In the context of TFs, duplication may allow one factor to acquire a new set of target genes (neofunctionalization). Alternatively, the ancestral targets could split between the duplicates (subfunctionalization). In both scenarios, duplicate divergence would increase and refine the regulatory logic. Previous studies exemplified both scenarios [810], but whether they are relevant for the majority of TF duplicates remained unclear.

Budding yeast provide a convenient platform for studying the adaptive roles of TF duplicates. The yeast lineage underwent a Whole Genome Duplication (WGD) event about 100 million years ago [11], which was a result of an interspecies hybridization [12]. While most duplicates generated in this event were lost, about 10% were retained, among which TFs are over-represented. Many of the retained TF duplicates show little signs of divergence in their DBD, bind the same DNA motifs (S1 and S2 Figs), and regulate similar cellular functions, suggesting at least partial redundancy.

Msn2 and Msn4 are a case in point. Previous studies established that the two factors induce an overlapping set of environmental stress response genes [1315] but also suggested some differences in response kinetics of individual targets. We decided to revisit this analysis using the higher experimental resolution now possible to systematically characterize target divergence under a range of conditions. Our results, however, reinforced the conclusion that the two factors regulate the same set of target genes, translocate to the nucleus with the precise same dynamics, and contribute to stress protection.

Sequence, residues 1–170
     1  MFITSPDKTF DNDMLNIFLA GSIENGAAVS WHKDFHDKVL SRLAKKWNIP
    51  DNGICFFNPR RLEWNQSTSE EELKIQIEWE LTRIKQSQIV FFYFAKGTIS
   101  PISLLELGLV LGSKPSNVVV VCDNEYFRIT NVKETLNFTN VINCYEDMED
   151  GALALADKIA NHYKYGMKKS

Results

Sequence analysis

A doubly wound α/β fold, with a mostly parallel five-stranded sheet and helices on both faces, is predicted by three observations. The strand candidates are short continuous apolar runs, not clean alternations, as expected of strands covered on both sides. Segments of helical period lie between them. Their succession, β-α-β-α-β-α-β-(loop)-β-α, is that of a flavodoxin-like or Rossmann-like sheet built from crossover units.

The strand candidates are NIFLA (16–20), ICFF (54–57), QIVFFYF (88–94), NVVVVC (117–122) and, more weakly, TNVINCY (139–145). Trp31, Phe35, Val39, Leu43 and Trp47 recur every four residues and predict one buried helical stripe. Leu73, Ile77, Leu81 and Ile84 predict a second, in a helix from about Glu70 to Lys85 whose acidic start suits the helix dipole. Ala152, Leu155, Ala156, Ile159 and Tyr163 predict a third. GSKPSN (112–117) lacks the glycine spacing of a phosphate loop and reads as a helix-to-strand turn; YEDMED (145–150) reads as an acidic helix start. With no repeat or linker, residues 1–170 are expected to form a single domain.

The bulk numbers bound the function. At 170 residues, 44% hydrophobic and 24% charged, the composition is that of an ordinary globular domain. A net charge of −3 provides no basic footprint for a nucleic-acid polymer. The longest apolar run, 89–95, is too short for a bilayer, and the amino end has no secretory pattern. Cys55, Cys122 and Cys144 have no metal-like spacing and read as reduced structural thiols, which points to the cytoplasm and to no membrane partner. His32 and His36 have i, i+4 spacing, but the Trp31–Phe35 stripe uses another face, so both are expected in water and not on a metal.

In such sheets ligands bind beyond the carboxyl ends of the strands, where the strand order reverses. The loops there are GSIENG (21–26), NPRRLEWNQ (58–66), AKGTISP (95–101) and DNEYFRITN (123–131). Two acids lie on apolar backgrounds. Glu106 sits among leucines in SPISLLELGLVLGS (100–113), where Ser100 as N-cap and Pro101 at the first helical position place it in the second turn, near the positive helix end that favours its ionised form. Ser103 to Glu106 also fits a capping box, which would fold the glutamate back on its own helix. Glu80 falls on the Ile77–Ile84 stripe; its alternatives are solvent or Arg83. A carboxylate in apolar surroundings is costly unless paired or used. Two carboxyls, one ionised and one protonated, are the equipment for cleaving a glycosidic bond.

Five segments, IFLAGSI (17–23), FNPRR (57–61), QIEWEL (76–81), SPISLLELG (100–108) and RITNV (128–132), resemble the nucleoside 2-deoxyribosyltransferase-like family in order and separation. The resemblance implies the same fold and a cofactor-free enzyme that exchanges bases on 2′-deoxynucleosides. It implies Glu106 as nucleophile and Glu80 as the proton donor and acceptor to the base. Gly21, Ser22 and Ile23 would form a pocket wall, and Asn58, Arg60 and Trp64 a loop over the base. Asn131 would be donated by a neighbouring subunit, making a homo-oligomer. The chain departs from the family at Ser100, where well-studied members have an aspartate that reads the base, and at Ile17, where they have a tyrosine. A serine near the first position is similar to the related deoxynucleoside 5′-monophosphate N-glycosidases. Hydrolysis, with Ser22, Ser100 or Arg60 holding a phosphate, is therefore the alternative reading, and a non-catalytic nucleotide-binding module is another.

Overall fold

Our search for differences between the duplicates pointed us to a different aspect of transcription regulation: the challenge cells face when attempting to minimize noise in gene expression. As a stochastic process, transcription is subject to random variations (noise) [16,17]. Noisy expression is deleterious when affecting genes that require precise tuning [18], such as dosage-sensitive genes [19,20], but can become beneficial when enabling processes not possible by deterministic dynamics [2123]. Accordingly, noise levels vary greatly between genes [24]. Yet, the ability to tune expression noise through changes in gene promoter is limited. In particular, it is well-documented that genes that are readily regulated by environmental signal also show a high level of expression noise [16,2527]. This observation is rationalized in two main ways. First, a gene that is regulated by a large number of factors, as required for tuning gene expression with environmental signal, will also show corresponding sensitivity to stochastic variations in its regulators. Second, promoter structures allowing for dynamic response are different from those that encode for constant expression and are therefore associated with increasing noise. For example, flexible promoters bind nucleosomes more loosely and uniformly compared to stable promoters, possibly introducing a nonlinear competition between TFs and nucleosomes. Thus, while coding for low-noise expression is possible, it comes at the cost of lowering the dynamic range over which expression can be changed by regulatory signals.